As I learned through the marketing of the launch of Circle of Impact, my brand demands direct engagement by me with people. My customers are not consumers buying a product. Instead, they are people in transition engaged in letting the message of the Circle of Impact become embodied in how they live. They become the viral carriers of a belief that anyone can become a person of impact. My engagement is with the people. The book, the coaching, the training webinars, and consulting projects are vehicles for communicating this belief in people as persons of impact. As a result, marketing is a conversation that the value of the Circle of Impact model. It is spelled out in the brand philosophy that I developed two years ago.
In these portions of my brand philosophy, personal engagement is essential to communicate the value of the Circle of Impact.
The Circle of Impact Brand Philosophy
Circle of Impact Purpose
Inspire and equip people to take personal initiative to create impact that makes a difference that matters in their local settings.
Circle of Impact Strategy
Believe in people so that they will believe in themselves for the purpose of taking personal initiative to create impact.
Circle of Impact Challenge
Believe that you have an undetermined and unrealized potential to make a difference that matters with your life, through your work, and in your community.
Circle of Impact Promise
Regardless of who you believe you are, or what challenges you have experienced in life, or what obstacles you face right now, I will never stop believing that you can be a person of impact who can make a difference that matters.
Circle of Impact Guarantee
My guarantee is that you will gain the clarity of purpose to act on the belief that you can make a difference that matters.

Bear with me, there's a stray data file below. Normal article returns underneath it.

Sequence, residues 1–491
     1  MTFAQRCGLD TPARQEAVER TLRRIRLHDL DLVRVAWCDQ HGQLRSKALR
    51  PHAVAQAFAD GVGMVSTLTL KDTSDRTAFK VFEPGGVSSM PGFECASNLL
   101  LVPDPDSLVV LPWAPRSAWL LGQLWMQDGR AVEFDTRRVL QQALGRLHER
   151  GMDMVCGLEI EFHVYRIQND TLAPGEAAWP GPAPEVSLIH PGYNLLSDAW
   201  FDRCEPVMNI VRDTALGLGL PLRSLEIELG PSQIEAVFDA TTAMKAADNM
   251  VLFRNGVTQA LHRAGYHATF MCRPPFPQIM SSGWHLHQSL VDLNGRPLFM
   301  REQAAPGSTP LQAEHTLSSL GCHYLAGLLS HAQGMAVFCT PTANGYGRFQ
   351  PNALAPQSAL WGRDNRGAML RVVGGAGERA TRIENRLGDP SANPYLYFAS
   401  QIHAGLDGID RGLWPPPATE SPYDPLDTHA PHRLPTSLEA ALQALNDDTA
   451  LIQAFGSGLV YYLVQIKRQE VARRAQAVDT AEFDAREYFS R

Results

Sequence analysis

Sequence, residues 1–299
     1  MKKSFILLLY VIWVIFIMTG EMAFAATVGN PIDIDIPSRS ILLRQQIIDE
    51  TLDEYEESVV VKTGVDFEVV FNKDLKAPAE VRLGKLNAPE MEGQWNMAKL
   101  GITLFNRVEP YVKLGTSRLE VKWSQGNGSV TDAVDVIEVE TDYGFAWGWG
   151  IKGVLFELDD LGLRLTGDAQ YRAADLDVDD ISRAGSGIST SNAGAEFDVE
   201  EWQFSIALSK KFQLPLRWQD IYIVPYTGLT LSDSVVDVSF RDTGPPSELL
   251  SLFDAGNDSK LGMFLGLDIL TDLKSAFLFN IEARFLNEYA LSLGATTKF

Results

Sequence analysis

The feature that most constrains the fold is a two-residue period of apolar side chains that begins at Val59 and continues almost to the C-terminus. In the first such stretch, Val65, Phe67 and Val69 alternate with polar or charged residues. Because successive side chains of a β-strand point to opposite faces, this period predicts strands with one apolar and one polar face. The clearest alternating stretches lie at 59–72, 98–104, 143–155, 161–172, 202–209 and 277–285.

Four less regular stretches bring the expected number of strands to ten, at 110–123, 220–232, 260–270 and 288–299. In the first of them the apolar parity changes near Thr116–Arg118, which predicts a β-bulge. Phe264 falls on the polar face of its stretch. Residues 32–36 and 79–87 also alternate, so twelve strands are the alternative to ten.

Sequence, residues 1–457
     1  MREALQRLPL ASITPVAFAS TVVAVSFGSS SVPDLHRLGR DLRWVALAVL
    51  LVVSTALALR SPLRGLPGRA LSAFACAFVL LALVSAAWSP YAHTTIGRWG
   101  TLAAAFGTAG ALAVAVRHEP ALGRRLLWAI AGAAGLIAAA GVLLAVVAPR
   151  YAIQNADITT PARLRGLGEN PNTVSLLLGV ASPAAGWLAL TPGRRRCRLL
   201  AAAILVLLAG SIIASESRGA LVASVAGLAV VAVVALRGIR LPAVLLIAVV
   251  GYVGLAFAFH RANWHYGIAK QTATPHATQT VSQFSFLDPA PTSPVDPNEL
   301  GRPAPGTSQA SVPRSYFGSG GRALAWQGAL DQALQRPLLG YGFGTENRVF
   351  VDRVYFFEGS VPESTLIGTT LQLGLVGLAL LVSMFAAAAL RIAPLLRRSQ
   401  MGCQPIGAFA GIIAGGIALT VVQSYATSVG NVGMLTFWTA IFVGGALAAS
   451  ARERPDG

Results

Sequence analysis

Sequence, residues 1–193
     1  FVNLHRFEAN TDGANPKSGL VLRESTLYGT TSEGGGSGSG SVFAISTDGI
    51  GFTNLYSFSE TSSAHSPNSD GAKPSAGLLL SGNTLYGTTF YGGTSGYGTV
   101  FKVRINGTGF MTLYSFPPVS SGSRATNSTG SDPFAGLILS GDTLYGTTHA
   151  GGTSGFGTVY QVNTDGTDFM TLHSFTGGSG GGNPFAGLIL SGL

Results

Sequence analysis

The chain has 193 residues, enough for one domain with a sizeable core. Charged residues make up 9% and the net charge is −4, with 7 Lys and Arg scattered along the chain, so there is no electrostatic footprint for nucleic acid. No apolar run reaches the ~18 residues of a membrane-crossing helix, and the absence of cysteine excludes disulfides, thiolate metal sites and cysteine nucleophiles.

The whole of the philosophy is summarized in these five principles.
Circle of Impact Guiding Principles
1. ALL leadership begins with personal initiative to create impact.
2. We are ALL in transition. Every one of us, all the time.
3. The greatest change we go through is in our self-understanding.
4. In taking personal initiative, start small, then grow big.
5. Act locally, then tell your story globally.
The Branding Lesson
In reflecting upon my brand description, it reinforced the importance of being absolutely clear about what is our impact. We have to be able to say, “this is the change that matters.” The clearer the understanding of the impact, the greater the value. Without a clear perception of the impact of your product or your life, the greater the risk that the product gets commoditized and our lives get marginalized.
If you are a fan of Coca Cola, ask these questions.
What is the change that matters to me when I have a Coke?
What does refreshment mean to me?
How does sharing a Coke with a stranger create sustainable value?
My conclusion is that Coke is on the right track, but their product line is limited. They need a deeper level of engagement with consumers about the social benefits of sharing their product in local communities. This is true for Coca Cola as a consumer brand as it is for any consumer products company. They need the engagement of the Circle of Impact to fulfill the potential of the Coca Cola experience.
In creating a sustainable, transformative brand experience, we need to start small. Focus on local impact. Then let the impact can grow organically as people become more engaged with the impact we bring. This is how we can take the complexity of personal engagement and replicate the brand experience on a global scale.
To engage more about the Circle of Impact philosophy and programs for impact development, reach out to me at email@example.com.